BACK TO SCHOOL: We talk with Oberlin’s principals

By Evan Goodenow -






Photos by Evan Goodenow | News-Tribune School resumes Aug. 24 in Oberlin and educators are readying facilities for the arrival of students.

Buses resume rolling Aug. 24 when the 2015-16 school year begins.

Classes resume Aug. 24 and Oberlin Schools staff are preparing.

Classrooms are being cleaned and decorated, lesson plans are being prepared, and teaching strategies discussed. Maintenance includes fixing leaky ceilings and installing new drainpipes in the approximately 1,000-student district.

The school system has five new teachers. Two took advantage of a new incentive program in which the district paid $1,000 in expenses for them to move to Oberlin, said superintendent David Hall.

Also new to the district are assistant superintendent for curriculum and instruction John Monteleone and athletic director John Carter.

Monteleone previously worked for the Lorain Schools while Carter comes from the Fairview Park Schools.

Parents and students can visit their buildings Aug. 23 to speak with staff and tour the facilities. To provide parents and students perspective the 2016-17 school year, the News-Tribune spoke with Oberlin’s four school principals.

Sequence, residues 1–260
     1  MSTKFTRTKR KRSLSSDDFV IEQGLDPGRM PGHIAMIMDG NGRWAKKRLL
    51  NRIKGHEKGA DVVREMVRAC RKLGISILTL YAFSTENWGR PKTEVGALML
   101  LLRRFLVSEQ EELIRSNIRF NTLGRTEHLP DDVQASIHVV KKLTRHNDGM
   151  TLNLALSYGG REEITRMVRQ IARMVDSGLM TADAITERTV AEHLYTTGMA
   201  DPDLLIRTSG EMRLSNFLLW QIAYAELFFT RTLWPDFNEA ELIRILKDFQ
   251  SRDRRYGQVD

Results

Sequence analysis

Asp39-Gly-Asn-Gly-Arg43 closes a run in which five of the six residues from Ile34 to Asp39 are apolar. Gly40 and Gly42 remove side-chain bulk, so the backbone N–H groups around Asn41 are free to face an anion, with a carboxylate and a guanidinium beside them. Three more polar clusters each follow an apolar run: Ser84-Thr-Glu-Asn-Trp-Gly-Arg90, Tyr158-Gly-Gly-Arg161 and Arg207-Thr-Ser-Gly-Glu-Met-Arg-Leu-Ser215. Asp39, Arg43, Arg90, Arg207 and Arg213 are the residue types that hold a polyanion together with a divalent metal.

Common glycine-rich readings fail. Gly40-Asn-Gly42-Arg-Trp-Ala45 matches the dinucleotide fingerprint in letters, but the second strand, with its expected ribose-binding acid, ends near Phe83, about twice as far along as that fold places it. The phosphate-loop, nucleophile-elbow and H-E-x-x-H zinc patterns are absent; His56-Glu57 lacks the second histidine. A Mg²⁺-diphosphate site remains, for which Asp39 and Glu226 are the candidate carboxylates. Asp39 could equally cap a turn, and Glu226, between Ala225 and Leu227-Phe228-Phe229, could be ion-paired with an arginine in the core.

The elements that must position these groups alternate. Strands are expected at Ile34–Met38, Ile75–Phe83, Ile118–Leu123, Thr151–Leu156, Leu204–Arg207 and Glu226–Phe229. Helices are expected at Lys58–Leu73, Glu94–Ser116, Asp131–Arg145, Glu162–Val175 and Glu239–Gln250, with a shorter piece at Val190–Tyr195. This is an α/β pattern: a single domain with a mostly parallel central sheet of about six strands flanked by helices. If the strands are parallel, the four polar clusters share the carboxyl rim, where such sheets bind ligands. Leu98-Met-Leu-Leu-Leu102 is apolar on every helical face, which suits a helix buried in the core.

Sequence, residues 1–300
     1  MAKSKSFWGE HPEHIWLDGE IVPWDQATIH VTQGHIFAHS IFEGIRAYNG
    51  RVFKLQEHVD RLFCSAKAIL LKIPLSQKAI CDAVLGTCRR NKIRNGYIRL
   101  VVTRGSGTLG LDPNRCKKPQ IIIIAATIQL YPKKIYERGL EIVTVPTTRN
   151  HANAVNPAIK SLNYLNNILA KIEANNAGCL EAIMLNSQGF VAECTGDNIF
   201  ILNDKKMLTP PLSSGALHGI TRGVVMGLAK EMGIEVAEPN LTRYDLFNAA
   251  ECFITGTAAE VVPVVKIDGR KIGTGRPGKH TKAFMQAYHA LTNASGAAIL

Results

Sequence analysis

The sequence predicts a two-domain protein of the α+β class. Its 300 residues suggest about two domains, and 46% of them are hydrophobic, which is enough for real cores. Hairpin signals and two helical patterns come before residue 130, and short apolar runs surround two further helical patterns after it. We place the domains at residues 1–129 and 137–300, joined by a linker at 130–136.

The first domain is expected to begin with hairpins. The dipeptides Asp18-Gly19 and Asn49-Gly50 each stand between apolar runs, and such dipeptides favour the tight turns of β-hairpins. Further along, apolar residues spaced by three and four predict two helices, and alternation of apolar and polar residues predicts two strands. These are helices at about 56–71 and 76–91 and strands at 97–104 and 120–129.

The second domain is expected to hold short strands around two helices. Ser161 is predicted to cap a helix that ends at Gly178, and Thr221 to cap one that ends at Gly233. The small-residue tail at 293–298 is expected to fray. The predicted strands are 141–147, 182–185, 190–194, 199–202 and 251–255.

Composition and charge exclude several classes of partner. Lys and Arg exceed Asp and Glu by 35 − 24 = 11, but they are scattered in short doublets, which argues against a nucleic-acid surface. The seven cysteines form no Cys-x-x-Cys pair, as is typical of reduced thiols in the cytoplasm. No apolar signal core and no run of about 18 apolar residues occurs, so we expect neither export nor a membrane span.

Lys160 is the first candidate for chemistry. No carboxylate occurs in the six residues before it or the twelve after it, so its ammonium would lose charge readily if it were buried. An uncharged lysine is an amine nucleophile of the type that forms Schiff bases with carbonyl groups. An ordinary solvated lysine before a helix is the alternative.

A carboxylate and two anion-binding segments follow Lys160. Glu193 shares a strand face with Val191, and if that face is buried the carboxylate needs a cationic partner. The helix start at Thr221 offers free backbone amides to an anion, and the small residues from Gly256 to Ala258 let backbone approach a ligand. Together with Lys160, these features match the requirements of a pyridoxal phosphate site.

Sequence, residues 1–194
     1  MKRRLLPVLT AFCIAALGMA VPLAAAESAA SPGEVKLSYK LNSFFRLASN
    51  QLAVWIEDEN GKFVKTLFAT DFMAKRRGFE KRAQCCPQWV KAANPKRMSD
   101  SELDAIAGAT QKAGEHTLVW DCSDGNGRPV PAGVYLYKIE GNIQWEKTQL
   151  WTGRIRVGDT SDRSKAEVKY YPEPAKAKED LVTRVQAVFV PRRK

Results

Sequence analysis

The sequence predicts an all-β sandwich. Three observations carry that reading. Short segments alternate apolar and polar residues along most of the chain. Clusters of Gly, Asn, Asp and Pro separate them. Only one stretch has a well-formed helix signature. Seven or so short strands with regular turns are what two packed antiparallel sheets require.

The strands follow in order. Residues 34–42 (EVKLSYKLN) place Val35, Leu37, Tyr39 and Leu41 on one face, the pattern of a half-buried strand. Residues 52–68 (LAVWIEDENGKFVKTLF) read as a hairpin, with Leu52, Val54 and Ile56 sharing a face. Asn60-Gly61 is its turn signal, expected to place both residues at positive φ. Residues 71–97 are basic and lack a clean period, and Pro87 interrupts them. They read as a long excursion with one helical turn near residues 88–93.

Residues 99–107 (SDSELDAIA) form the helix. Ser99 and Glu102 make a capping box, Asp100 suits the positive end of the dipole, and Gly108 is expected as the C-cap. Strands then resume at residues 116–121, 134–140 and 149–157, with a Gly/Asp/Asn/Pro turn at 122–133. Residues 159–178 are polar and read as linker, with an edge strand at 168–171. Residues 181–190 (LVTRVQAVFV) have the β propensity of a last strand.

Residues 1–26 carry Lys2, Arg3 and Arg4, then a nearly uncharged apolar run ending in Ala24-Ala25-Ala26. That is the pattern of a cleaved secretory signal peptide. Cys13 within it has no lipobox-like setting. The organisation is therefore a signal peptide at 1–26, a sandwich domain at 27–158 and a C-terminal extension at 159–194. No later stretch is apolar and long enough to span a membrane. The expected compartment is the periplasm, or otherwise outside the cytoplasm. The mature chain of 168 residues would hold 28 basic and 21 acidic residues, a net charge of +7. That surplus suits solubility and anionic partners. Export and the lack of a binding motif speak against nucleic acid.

Oberlin High School

Location: 281 North Pleasant St.

Hours: 8:15 a.m. to 3:15 p.m.

Phone: 440-776-4601

Grades: 9-12

Enrollment: 325 students

Staff: 55 (including 28 teachers)

Principal: William Baylis II

The high school was ranked 27th best in Ohio for the 2015-2016 school year by U.S. News and World Report and it moved from 826th to 697th in the magazine’s annual rankings of the best schools nationally.

While proud of the ranking, principal William Baylis II said staff isn’t satisfied and improving academic achievement continues.